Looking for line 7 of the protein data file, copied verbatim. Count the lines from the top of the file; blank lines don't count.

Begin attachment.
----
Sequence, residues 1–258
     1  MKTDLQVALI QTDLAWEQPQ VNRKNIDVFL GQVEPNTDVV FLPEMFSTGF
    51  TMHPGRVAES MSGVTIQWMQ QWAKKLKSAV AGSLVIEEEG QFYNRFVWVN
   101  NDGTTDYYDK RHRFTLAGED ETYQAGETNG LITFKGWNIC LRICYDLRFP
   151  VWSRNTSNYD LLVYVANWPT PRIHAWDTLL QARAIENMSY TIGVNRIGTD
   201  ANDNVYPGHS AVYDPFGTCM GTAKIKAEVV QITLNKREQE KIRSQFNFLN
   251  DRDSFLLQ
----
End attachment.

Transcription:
   251  DRDSFLLQ